Free labour to support those in labour no way to run maternity services says RCM

on 10 April 2024 Pay NHS Pay Review Body Pay and Agenda For Change NHS Staff Staffing Levels Midwifery Midwives Midwife Shortage MSWs - Maternity Support Workers Scottish Government Welsh Government Government NHS NHS Wales NHS England NHS Funding NHS Scotland

Findings published by the Royal College of Midwives (RCM) have revealed that during one week in March midwives and maternity support workers (MSWs) in England, Scotland and Wales worked 136,834 extra unpaid hours to keep services running safely.

A situation the College has described as ‘unsustainable’ and ‘grossly unfair’ as its members wait for a now overdue pay announcement from Government.

Alarmingly over three quarters (76%) RCM members said that their workplace was not safely staffed during those seven days in March. 

More than eight out of ten (85%) worked additional unpaid hours, while in some regions in England this increased to nine out of ten. Shockingly, 97% of respondents in the northeast of England said they had worked additional hours unpaid that week, while 93% of members in London worked extra unpaid hours.

In England alone RCM members worked an extra 118,181 hours during the week from Monday 4 to Sunday 10 March – which is an increase of almost 20 percent (18%) on the same poll undertaken last year, says the RCM.

Commenting, The RCM’s General Secretary, Gill Walton said:

Across the country, maternity services are only being kept running because midwives and maternity support workers are working beyond their hours. What’s even worse is that they aren’t getting paid for those hours. This is something the RCM has flagged before and the results of our latest poll are further proof of that. Staff are doing their upmost to plug the gaps, but this situation is unsustainable, and it is not the way we should be delivering maternity services. Services can’t continue to run on the goodwill of midwives. Aside from the toll that is taking on our members physical and mental health, they are being further, right demoralised by governments dragging their feet over giving them a pay rise, which is now overdue. The Government have disgracefully left hardworking midwives and MSWs in limbo once again about their pay in the midst of a cost-of-living crisis. We’ve told the Government time and time again that improving pay is one of the crucial levers in retaining staff and right now given the staff retention issues facing the NHS they should be doing all they can to ensure staff are paid fairly.”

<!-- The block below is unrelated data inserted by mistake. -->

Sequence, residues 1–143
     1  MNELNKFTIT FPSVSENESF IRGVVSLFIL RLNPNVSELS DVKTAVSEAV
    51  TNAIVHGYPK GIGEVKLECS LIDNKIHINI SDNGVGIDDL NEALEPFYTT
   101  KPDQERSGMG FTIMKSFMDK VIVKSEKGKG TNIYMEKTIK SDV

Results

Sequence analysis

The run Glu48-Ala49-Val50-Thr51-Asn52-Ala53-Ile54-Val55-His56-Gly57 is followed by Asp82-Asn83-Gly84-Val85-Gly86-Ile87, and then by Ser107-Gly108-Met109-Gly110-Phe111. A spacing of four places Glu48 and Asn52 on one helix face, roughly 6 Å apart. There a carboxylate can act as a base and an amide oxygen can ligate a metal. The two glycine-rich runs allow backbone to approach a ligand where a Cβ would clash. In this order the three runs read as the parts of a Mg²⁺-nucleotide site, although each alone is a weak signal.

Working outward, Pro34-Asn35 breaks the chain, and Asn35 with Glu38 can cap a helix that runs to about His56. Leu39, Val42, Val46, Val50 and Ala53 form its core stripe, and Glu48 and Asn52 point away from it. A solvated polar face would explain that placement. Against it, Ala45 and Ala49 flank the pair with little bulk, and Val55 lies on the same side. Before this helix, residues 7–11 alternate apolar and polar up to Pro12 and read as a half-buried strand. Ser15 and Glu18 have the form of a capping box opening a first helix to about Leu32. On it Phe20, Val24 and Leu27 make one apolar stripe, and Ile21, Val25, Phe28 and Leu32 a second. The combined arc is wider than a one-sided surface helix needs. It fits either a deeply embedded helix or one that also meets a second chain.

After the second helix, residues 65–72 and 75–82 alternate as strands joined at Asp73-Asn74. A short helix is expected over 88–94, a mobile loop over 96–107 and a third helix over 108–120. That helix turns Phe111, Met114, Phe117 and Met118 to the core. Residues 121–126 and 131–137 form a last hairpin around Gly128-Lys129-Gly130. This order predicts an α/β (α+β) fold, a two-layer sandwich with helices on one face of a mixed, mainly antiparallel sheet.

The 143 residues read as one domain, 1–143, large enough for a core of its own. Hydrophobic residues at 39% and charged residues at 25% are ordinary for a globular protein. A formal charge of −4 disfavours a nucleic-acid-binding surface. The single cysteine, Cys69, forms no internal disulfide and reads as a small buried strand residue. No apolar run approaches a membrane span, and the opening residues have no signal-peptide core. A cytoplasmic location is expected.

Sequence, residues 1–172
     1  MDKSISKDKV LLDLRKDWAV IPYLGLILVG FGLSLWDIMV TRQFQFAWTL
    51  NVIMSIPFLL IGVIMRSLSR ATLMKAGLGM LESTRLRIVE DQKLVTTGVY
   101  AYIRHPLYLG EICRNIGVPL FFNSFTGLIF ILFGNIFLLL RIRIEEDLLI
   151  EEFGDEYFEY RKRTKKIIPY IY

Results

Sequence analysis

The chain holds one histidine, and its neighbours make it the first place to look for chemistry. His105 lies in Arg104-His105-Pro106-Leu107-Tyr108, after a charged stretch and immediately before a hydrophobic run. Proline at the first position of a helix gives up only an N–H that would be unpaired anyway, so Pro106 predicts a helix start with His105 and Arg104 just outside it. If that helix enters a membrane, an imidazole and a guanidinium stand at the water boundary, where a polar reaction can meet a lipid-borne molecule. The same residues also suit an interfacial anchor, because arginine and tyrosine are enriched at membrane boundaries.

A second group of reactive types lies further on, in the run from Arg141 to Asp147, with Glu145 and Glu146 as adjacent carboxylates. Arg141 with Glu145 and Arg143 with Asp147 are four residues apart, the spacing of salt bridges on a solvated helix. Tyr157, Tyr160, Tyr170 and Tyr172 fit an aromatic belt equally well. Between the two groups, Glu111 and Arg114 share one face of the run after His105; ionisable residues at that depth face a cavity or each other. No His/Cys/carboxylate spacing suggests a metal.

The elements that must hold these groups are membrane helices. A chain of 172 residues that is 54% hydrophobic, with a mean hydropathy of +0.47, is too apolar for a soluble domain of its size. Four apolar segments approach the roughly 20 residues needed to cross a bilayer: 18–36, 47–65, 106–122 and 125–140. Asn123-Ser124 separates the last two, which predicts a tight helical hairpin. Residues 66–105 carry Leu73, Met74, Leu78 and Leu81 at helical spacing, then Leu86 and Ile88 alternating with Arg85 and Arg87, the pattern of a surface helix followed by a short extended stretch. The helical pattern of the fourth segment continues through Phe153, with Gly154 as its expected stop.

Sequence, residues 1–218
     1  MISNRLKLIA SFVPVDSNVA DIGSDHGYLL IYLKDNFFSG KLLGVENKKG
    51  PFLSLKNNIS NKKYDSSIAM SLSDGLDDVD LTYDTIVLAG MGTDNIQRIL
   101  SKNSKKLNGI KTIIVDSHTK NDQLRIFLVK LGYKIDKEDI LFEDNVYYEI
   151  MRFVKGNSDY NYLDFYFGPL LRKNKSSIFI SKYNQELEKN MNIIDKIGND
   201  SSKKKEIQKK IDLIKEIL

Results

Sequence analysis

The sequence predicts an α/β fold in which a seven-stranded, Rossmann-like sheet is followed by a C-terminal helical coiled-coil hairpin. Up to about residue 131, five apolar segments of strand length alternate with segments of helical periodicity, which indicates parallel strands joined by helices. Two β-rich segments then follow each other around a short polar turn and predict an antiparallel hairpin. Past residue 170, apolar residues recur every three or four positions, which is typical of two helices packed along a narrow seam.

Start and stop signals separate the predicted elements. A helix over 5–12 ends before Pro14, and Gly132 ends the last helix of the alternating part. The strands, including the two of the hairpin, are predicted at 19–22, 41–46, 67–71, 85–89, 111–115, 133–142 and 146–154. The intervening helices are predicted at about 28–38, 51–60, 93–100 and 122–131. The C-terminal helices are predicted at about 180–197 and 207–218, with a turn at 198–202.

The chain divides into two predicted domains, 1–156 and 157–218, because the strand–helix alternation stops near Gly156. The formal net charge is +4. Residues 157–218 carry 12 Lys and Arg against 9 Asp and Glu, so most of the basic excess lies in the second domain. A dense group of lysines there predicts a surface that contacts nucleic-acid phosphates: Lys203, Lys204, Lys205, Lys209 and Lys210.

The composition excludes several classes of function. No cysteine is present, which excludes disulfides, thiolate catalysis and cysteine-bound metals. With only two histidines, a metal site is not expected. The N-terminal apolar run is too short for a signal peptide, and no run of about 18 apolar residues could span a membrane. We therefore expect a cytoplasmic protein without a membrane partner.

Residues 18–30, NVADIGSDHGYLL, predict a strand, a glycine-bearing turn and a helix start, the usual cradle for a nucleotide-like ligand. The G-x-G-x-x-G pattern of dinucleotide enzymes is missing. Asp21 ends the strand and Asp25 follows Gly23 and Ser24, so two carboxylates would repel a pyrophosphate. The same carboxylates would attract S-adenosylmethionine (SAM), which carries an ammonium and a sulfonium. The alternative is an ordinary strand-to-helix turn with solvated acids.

Over half (51%) of respondents worked up to five additional hours and over a quarter (27%) worked between five and 10 hours unpaid across the week of the survey.

In its evidence to the NHS Pay Review Body (PRB) in addition to a real terms pay increase one of the RCM’s asks was for members who work additional hours to get paid fairly. Improving pay was also highlighted as a crucial factor in retaining midwives.

Meanwhile over two thirds (66%) of respondents to this poll considered leaving their role as midwife or MSW in the past year, something the RCM says is a worrying upward trend as intention to leave in a similar poll in 2021 was ten percentage points less (57%).

Gill added:

“Report after report has made a direct connection between staffing levels and safety. While there has been some progress it clearly is not happening at the pace needed. We are calling on the Westminster and Scottish Government to do their homework, review the NHS workforce plan, listen to what RCM members are saying, they don’t believe that staffing levels are always safe. The pressure that is putting on midwives and MSWs is profound, they are struggling to deliver the care they want and know they can and that is undoubtedly impacting the care women and their babies are receiving.”

Earlier this year the RCM said that ‘ending the midwifery staffing shortage was possible’ as it published a new guide which also included low cost solutions to improve working conditions for midwives, It was developed for current and future Members of Parliament, setting out solutions to the issues faced not only in England, but right across the UK.




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*Please see below for how the RCM calculated the estimate for the number of free hours worked by midwives during the week of the survey.



The Royal College of Midwives (RCM) is the only trade union and professional association dedicated to serving midwifery and the whole midwifery team.  We provide workplace advice and support, professional and clinical guidance, and information, and learning opportunities with our broad range of events, conferences, and online resources. For more information visit the RCM | A professional organisation and trade union dedicated to serving the whole midwifery team